I have never had someone come to me and want to start therapy because of mischief.  When someone mentions mischief, we often think of children, not our own actions, and definitely not therapy.  Though no one has ever identified this as their issue at the beginning of therapy, most people who come to me engage in mischief.  It’s not just for kids!

Mischief is doing something that doesn’t need to be done.  To explain, I can use the two previous posts on anger and anxiety.   Anger, as a behavior, is acting out in order to get what you want.  Think of a child throwing a temper tantrum.  Anxiety, as a behavior, is doing things with the intention of solving some perceived problem.  Think about all the “what if’s” you prepare for.  The issue is, you don’t need to engage in either most of the time!  In my anger management classes we talk a lot about these mischievous moments to provide you with some insight.  When you toss your phone across the room because you can’t get a signal, when you give a sarcastic response to your spouse in hopes of stopping the conversation, and when you’re stressed and brash with other people, you are engaging in mischief.  You didn’t need to do any of these things.  At the time you were in a tough situation and thought these were the best way to solve a problem.  But, they’re not and you can choose to act differently.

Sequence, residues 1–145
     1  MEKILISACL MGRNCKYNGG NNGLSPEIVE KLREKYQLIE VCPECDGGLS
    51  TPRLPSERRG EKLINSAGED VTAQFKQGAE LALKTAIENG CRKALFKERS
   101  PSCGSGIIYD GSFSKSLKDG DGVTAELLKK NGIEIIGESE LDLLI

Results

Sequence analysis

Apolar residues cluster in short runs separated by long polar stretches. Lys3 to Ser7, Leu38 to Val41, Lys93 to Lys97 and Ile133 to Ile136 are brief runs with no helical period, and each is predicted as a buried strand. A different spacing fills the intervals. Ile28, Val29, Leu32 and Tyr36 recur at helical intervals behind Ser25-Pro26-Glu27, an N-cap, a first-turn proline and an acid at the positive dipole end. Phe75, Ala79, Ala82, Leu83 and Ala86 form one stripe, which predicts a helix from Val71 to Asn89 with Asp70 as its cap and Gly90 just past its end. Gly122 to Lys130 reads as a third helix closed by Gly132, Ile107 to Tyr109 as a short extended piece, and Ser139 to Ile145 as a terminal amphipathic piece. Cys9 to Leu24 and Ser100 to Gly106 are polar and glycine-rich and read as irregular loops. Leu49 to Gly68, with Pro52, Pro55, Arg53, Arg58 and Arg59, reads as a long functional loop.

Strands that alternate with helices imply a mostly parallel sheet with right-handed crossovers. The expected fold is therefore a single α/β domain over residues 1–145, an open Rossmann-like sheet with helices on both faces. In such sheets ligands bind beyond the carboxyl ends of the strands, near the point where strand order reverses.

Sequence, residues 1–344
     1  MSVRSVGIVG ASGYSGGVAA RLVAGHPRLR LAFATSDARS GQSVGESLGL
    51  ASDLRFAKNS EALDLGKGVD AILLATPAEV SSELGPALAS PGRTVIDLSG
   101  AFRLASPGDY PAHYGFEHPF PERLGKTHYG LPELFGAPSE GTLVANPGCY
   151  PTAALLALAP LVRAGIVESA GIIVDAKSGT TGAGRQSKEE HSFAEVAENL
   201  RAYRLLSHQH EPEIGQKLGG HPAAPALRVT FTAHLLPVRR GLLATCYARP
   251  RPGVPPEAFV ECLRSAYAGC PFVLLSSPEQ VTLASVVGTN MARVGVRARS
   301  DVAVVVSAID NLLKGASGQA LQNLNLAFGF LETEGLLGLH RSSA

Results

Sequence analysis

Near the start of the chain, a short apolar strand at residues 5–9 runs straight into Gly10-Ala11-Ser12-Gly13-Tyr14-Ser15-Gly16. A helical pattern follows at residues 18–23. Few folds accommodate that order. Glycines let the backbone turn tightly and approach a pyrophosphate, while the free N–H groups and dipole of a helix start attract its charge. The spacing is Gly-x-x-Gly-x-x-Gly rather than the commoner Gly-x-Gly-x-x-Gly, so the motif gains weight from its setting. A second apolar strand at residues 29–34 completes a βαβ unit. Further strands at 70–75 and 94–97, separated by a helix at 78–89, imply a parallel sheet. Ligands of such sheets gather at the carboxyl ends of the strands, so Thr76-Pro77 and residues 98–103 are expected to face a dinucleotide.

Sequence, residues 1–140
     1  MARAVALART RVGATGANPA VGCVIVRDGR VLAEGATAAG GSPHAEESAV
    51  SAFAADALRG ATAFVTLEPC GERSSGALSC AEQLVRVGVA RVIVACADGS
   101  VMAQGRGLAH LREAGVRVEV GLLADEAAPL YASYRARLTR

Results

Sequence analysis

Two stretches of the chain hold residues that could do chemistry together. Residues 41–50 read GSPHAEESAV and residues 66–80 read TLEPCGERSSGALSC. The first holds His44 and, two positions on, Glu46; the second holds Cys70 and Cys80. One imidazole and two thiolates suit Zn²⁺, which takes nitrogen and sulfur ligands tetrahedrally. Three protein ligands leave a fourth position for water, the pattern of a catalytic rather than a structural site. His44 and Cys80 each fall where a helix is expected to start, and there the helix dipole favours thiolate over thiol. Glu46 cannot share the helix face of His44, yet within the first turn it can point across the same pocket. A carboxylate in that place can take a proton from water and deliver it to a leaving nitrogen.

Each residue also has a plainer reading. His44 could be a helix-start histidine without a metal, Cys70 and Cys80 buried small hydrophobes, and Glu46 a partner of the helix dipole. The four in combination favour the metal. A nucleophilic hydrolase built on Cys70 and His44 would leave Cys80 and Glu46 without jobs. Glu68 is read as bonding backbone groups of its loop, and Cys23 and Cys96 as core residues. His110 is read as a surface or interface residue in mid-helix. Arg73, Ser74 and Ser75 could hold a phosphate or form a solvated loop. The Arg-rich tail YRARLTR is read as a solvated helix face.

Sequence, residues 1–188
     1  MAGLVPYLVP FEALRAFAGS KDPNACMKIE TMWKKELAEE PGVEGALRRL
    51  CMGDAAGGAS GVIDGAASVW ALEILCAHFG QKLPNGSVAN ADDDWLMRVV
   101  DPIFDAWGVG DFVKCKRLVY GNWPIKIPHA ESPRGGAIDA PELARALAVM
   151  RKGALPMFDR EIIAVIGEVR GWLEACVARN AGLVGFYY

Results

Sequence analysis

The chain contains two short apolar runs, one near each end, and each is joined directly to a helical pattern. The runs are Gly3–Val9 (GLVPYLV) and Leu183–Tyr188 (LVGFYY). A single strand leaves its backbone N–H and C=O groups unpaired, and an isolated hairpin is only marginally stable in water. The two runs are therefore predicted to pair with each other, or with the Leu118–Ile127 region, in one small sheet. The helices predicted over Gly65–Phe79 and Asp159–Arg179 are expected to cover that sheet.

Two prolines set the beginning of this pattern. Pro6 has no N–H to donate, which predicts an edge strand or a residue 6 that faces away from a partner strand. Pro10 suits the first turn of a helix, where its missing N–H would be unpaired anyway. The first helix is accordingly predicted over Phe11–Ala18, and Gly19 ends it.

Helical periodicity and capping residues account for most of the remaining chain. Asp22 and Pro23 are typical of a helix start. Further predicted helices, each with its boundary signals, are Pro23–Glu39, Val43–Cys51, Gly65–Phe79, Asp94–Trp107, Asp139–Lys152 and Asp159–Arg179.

Instead you could have reminded yourself that you didn’t have to use your phone right then or wandered over to a spot where you did get a signal.  You could have told your spouse you were irritated with whatever was going on before the conversation and let him or her know you needed a minute to yourself.  You could have identified what you are stressed about and taken the time to create a plan to address the issue.  Instead, you chose one of these nonsense things.  I’m not saying they’re bad necessarily, rather they are not needed and you’re taking your stress out on other people. 

It is more healthy to identify your frustration, because that gives you the power to make a choice about how to address the frustration rather than acting out in mischief.  This can be tough though because you have been practicing being mischievous since you were that kid throwing tantrums!  So, it’s going to take a while, but you can learn a new way of consciously addressing whatever is going on and with practice you will replace the old mischievous habits with new healthy ones. 

You can always give me a call if you would like support in changing your mischievous ways! 

AuthorRobert Rebecca